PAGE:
The panade recipe in The Zuni Cafe Cookbook came to my attention when a friend baked a beautiful double-version of it in an over-sized AGA dutch oven and served it at a dinner party years ago. It was the show-stopping centerpiece of a meal flanked by a beautiful winter green + chicory salad and gem-shaded glasses of wine. The combination of bubbling cubes of brothy bread and caramelized onions silkily merging with molten threads of cheese is knee-buckling. It’s the perfect example of a short list of the simplest ingredients coming together into something much more than then sum of their parts.
I’ve baked variations of this panade in the years since, and it never disappoints. It’s endlessly adaptable, meaning that you can add seasonal ingredients to suit your fancy. For example, in my case, I do a vegetarian version by switching up the broth, and I like my onions on the caramelized side of the spectrum. I’ll add whatever sautéed greens or roasted vegetables I have around. Judy also listed a range of ideas and variations in the cookbook, so if you have it (and you should!) be sure to have a glance at those for year-round inspiration. Her original had chard. I use lots of scallions in mine. In short, it’s one of those IYKYK recipes. Molly Wizenberg knew what was up way back in 2005 when she wrote about the Judy panade recipe here.
I’m going to dive in and answer a number of questions here that might pop up. The ingredient list for this panade couldn’t be simpler, but the devil is in the details and navigating personal preferences.
What Kind of Bread for this Panade?
The short answer is a good, chewy artisan sourdough loaf. That said, I will also argue that a lot of this is personal preference. If you bake sourdough at home, by all means, use that. Either one of these choice will likely result in a nicely structured panade with nice distinction between some of the components. The bread choice is such a big deal in this recipe, each one will impact your end result immensely. I learned the hard way when I used a more commercial sourdough loaf to make the panade one night – much finer crumb, less/no chewiness, and I’m guessing it was 100% all-purpose flour. The resulting panade broke down too far, into an unstructured slump. You want the bread to put up a fight and hold a bit of tension. Not go to mush altogether.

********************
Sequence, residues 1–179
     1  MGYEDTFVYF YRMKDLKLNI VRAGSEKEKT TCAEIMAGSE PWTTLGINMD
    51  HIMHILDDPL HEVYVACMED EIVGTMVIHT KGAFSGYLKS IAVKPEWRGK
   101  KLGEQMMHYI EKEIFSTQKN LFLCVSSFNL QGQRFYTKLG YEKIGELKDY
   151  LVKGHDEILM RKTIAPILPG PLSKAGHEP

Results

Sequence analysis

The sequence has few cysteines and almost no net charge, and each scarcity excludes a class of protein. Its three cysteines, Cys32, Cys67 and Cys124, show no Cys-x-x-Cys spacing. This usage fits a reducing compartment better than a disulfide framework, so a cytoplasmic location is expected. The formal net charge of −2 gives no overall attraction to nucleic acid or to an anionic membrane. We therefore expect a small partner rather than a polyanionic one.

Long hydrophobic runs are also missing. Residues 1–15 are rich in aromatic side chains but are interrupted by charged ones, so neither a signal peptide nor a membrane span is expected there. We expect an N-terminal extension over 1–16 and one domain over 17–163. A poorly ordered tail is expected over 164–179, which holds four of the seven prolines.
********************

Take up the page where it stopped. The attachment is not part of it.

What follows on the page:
Crust or no Crust?
There are arguments for both. The panade here retained the crust on the bread cubes. But I’ve done crustless versions before. If you decide you love a super oozy, silky panade, go crustless. If you like your panade to have more structure, keep your crust. Or go 50/50!
What is the Best Broth for Panade?
We tend to use whatever good-tasting broth we have around or in the freezer (defrost). I love an herby broth for this scallion and chive version, but if you’re in a pinch grab a bouillon cube or two and go from there. Judy uses a chicken broth in her recipe (which doesn’t work for vegetarians), but I’ve had great results with mushroom broth, and corn broth along with roasted cherry tomatoes and goat cheese in the panade. I’ve even used spicy bean broth.
Can I use a Different Cheeses in this Panade?
You can! I call for Gruyere, but mention in the headnote that one of my favorite versions ended up being a blend of Gruyere, Parmesan, and Pecorino cheeses. I prefer slightly assertive cheeses for the panade, with at least a portion being a cheese that oozes when melted. For example, I wouldn’t reach for a mozzarella – too mild.
Can I Make this Ahead of Time?
I often make the caramelized onions ahead of time. And then any other fillings that I might be able to pre-roast.
Soupy versus Dry-ish Panades
Again, this is personal preference. After you bake panade once or twice you’ll start to get a sense of what style you prefer. You can go the soup-is route by adding more broth. Or lean into more of a stuffing vibe with less broth. The recipe below aims to hit the mark where the panade is transitioning from a stuffing-like texture, into silkier magic, not-yet-in-soup territory.
This recipe is a warming, hearty, winter warmer. It looks so rustic, but the silkiness down in the depths is what’s incredibly surprising. It’s the ultimate comfort dish that I hope you enjoy as much as I have over the years. Thanks to Jamie & Chanda & Bonni for our SF panade dinners, we miss them (and you) so much!
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